ICD-10 Anemia | ICD-10 Anemia Coding Guidelines

Introduction to ICD-10 Anemia

ICD 10 code for anemia varies depending on the specific type and cause. The most commonly used ICD codes for Anemia are D64.9, D50.0, D53.9, D59.9, and D61.9.

What is Anemia?

Anemia is a blood disorder associated with a low red blood cell (RBC) count in the blood.

A low RBC count can occur due to many reasons:

  • The body doesn’t make sufficient red blood cells (as in a bone marrow disorder or nutritional deficiency)
  • It destroys many red blood cells (even the healthy cells) (as in autoimmune diseases).
  • It loses many red blood cells ( for example, excessive blood loss)

Symptoms of Anemia:

Most of the symptoms of anemia are associated with the lack of oxygen in the body. Following are some symptoms of anemia:

  • Headache and lethargy
  • Lightheadedness or dizziness
  • Pounding heartbeats and arrhythmias
  • Body aches ( including joint pain and muscle aches)
  • Growth issues
  • Pale skin
  • Shortness of breath

ICD-10-CM Coding for Anemia:

ICD (International Classification of Diseases) coding is introduced by the World Health Organization (WHO). This coding system makes the documentation process simple and efficient. It covers the diagnosis, treatment, and healthcare services in a healthcare system, including billing and insurance.

ICD-10 Anemia Coding Guidelines:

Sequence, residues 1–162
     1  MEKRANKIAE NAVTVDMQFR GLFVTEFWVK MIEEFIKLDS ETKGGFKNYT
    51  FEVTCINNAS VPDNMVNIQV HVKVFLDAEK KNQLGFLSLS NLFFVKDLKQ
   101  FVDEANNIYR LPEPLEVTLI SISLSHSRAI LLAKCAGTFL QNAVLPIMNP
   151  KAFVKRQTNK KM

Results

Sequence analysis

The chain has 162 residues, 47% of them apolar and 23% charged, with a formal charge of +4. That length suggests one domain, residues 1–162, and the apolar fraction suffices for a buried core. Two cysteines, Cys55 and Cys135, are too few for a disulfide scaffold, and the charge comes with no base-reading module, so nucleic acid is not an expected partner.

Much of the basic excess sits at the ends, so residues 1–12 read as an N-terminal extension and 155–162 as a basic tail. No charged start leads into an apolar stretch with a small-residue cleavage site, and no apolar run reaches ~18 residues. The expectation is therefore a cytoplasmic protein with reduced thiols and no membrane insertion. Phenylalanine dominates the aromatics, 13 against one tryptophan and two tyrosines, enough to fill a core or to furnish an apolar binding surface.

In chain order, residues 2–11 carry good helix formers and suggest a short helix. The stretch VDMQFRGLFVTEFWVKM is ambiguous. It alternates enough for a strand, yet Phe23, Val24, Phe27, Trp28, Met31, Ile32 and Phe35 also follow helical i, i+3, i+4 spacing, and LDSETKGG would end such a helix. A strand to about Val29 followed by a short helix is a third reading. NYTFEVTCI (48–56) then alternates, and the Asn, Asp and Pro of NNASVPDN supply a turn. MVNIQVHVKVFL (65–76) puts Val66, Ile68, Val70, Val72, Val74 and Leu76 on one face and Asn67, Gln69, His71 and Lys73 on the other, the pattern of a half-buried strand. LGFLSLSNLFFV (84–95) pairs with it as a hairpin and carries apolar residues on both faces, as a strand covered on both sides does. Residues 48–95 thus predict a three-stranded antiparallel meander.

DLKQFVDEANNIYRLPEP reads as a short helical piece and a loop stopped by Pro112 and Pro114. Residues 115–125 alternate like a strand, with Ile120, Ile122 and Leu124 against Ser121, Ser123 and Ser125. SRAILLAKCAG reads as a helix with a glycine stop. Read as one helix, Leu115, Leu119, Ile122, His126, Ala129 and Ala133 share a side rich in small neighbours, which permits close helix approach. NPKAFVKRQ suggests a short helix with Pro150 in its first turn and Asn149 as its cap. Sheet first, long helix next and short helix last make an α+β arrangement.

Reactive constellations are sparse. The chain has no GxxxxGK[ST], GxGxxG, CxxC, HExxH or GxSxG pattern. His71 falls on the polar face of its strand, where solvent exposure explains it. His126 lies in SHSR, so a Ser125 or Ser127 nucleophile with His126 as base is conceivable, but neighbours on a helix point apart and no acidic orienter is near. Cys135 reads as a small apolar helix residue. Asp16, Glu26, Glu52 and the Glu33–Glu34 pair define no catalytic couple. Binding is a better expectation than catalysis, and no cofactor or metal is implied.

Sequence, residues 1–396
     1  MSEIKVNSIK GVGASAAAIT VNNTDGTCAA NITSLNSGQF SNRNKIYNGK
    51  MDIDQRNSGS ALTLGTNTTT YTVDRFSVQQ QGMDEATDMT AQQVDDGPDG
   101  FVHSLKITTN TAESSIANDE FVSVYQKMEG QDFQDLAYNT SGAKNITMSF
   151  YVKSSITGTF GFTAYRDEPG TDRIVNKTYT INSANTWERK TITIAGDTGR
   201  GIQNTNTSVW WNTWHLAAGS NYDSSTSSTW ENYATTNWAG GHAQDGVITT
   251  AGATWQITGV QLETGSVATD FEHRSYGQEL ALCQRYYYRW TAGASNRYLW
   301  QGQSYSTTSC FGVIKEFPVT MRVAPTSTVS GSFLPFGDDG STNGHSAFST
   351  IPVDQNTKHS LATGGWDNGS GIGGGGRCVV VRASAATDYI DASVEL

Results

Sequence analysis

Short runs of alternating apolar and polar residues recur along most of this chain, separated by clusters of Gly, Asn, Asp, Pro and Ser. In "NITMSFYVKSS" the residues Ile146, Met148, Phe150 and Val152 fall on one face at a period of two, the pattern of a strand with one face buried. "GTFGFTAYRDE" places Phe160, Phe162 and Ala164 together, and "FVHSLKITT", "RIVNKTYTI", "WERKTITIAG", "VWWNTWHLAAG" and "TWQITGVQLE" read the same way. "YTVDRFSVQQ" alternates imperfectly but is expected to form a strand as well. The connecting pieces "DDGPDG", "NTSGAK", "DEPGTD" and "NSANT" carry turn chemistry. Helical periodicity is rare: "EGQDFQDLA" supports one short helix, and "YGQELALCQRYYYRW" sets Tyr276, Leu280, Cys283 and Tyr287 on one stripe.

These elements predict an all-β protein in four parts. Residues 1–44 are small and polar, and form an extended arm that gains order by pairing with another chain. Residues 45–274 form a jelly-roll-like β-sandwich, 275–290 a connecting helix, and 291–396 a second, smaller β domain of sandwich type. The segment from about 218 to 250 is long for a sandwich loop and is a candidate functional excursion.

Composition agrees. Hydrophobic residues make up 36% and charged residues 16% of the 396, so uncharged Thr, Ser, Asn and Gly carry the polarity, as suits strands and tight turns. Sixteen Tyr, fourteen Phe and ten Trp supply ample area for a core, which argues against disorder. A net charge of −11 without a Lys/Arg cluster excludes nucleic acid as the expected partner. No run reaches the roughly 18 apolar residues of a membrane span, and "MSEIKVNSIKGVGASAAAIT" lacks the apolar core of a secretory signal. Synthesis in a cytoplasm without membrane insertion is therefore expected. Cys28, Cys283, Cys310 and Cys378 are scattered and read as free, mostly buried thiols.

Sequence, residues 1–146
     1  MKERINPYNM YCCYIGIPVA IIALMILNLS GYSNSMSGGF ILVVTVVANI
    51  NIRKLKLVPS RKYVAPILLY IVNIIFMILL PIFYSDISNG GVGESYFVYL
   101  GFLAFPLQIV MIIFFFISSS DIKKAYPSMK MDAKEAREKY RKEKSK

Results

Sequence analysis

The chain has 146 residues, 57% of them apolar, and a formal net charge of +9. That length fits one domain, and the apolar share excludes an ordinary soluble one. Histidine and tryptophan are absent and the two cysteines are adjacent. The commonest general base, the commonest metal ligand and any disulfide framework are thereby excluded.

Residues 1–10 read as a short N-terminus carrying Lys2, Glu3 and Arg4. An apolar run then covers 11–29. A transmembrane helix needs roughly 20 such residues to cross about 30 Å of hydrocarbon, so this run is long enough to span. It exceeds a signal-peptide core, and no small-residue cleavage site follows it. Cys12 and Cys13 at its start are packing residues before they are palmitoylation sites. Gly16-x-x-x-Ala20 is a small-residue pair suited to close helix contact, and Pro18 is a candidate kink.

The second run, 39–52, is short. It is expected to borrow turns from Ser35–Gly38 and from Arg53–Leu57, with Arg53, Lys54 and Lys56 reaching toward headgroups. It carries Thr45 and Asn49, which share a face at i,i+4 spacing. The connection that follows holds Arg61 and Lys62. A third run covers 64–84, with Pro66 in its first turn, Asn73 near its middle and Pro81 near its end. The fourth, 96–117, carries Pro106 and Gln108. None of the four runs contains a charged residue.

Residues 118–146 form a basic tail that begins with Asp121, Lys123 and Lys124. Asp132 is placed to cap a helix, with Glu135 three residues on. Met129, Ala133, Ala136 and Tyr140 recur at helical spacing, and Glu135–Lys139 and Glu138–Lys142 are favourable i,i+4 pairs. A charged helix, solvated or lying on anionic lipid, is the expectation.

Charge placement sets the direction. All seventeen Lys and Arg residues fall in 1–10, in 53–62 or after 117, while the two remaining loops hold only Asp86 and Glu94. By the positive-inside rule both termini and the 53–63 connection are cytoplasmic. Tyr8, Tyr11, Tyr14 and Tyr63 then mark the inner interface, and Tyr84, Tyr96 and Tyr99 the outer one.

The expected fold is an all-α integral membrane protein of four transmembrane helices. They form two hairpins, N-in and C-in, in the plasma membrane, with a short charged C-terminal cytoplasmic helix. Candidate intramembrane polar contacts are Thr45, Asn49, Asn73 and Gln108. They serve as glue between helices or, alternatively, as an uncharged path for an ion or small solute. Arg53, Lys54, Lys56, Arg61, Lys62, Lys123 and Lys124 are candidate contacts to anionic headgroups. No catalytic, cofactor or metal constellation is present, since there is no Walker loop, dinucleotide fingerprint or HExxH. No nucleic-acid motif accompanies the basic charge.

ICD-10 Anemia

ICD-10 Anemia – Anemia Coding Guidelines

Anemia associated with malignancy:

When a patient is admitted for management id anemia associated with malignancy, the treatment is only for anemia. Appropriate code for malignancy is sequenced as the principal diagnosis or first-listed Dx, followed by the code for Anemia.

Anemia Associated with chemotherapy, radiation therapy, and immunotherapy:

When the reason for admission is the management of anemia associated with the adverse effect of administration of chemotherapy or immunotherapy and the only treatment for anemia. Then always code anemia as a principal or first-listed diagnosis, followed by the appropriate code for neoplasm and then the adverse effect.

List of All ICD-10 codes for anemia and related blood disorders:

Chapter 3 of the ICD-10 coding manual book approved for medical coding and billing covers anemia.